Poorer Right Ventricular Systolic Function and Exercise Capacity in Women After Repair of Tetralogy of Fallot
A Sex Comparison of Standard Deviation Scores Based on Sex-Specific Reference Values in Healthy Control Subjects
Background—In repaired congenital heart disease, there is increasing evidence of sex differences in cardiac remodeling, but there is a lack of comparable data for specific congenital heart defects such as in repaired tetralogy of Fallot.
Methods and Results—In a prospective multicenter study, a cohort of 272 contemporary patients (158 men; mean age, 14.3±3.3 years [range, 8–20 years]) with repaired tetralogy of Fallot underwent cardiac magnetic resonance for ventricular function and metabolic exercise testing. All data were transformed to standard deviation scores according to the Lambda–Mu–Sigma method by relating individual values to their respective 50th percentile (standard deviation score, 0) in sex-specific healthy control subjects. No sex differences were observed in age at repair, type of repair conducted, or overall hemodynamic results. Relative to sex-specific controls, repaired tetralogy of Fallot in women had larger right ventricular end-systolic volumes (standard deviation scores: women, 4.35; men, 3.25; P=0.001), lower right ventricular ejection fraction (women, −2.83; men, −2.12; P=0.011), lower right ventricular muscle mass (women, 1.58; men 2.45; P=0.001), poorer peak oxygen uptake (women, −1.65; men, −1.14; P<0.001), higher VE/VCO2 (ventilation per unit of carbon dioxide production) slopes (women, 0.88; men 0.58; P=0.012), and reduced peak heart rate (women, −2.16; men −1.74; P=0.017). Left ventricular parameters did not differ between sexes.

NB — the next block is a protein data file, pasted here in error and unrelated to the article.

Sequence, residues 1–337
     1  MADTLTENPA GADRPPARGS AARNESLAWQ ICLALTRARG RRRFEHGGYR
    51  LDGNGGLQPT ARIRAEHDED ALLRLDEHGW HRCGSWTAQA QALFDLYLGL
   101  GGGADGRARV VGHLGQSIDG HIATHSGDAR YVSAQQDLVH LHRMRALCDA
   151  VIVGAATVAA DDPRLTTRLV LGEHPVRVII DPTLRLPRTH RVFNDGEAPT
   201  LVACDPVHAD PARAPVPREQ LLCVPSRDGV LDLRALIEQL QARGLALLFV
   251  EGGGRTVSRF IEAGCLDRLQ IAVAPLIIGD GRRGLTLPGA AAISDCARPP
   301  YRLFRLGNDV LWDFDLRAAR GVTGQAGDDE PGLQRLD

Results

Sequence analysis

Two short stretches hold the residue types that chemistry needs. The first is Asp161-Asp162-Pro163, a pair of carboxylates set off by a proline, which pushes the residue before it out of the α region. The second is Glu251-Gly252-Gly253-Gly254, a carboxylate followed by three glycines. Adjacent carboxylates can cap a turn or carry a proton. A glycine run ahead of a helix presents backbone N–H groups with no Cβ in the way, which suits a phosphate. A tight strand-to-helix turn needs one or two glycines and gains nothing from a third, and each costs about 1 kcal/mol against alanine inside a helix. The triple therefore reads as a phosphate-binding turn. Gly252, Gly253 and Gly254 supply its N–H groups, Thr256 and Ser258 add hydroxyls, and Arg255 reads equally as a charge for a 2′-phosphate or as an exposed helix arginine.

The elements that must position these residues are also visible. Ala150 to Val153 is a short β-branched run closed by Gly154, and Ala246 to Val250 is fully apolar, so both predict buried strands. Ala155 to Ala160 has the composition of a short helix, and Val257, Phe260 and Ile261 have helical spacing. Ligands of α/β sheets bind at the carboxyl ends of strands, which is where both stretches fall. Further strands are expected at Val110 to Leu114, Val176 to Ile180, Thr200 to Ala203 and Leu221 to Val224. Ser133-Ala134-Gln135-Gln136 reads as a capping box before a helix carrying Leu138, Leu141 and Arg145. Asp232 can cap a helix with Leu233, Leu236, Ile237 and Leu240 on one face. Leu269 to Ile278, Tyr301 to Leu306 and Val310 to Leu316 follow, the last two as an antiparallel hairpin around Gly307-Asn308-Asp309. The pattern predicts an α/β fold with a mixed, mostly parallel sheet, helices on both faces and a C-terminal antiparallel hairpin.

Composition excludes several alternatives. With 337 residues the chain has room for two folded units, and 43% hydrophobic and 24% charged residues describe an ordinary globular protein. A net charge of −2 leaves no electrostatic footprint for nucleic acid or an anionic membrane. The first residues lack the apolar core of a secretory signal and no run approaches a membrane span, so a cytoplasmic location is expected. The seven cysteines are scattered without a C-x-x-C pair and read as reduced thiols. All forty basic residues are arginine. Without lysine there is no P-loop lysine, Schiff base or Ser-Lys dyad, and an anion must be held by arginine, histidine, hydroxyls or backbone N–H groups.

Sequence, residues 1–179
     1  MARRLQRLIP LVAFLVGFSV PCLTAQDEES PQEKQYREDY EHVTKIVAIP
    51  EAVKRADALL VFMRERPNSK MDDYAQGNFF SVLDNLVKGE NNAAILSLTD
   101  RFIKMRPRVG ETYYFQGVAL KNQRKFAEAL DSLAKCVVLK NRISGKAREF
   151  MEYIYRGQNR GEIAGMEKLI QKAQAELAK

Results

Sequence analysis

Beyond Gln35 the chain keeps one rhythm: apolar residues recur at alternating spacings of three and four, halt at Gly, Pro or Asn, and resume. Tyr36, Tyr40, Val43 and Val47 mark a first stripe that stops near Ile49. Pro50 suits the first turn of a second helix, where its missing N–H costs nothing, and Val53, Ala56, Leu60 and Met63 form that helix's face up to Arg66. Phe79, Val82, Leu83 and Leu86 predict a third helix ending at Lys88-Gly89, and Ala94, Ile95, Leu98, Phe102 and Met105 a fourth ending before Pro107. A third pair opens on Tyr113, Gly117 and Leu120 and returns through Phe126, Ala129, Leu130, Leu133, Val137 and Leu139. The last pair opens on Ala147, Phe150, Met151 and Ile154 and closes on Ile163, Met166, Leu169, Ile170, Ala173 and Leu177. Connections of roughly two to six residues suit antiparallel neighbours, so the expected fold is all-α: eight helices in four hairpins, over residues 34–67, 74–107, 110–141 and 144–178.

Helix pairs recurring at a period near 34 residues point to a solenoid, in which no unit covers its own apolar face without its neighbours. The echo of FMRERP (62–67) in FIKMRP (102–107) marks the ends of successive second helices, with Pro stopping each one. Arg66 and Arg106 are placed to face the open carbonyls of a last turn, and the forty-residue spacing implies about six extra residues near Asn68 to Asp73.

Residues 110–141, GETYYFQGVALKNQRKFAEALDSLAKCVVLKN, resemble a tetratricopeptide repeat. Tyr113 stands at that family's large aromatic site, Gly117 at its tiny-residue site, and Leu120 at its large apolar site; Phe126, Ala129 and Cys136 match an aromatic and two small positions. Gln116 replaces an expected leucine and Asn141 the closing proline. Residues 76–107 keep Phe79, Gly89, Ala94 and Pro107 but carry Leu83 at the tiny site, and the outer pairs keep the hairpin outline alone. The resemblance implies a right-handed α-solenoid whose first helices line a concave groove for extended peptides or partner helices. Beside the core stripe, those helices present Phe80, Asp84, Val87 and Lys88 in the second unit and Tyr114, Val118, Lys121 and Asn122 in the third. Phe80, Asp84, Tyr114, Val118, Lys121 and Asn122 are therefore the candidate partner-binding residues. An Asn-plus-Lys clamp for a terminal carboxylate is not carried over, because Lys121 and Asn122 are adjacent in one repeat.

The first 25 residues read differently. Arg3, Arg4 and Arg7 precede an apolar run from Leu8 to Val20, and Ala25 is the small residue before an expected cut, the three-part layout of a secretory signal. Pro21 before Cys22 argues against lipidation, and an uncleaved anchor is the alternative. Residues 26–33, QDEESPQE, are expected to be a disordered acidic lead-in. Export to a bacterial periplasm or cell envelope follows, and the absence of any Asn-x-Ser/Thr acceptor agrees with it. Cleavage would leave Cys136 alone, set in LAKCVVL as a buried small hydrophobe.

Conclusions—Relative to their respective sex-specific healthy control subjects, derived standard deviation scores in repaired tetralogy of Fallot suggest that women perform poorer than men in terms of right ventricular systolic function as tested by cardiac magnetic resonance and exercise capacity. This effect cannot be explained by selection bias. Further outcome data are required from longitudinal cohort studies.
- Received October 30, 2012.
- Accepted October 4, 2013.
- © 2013 American Heart Association, Inc.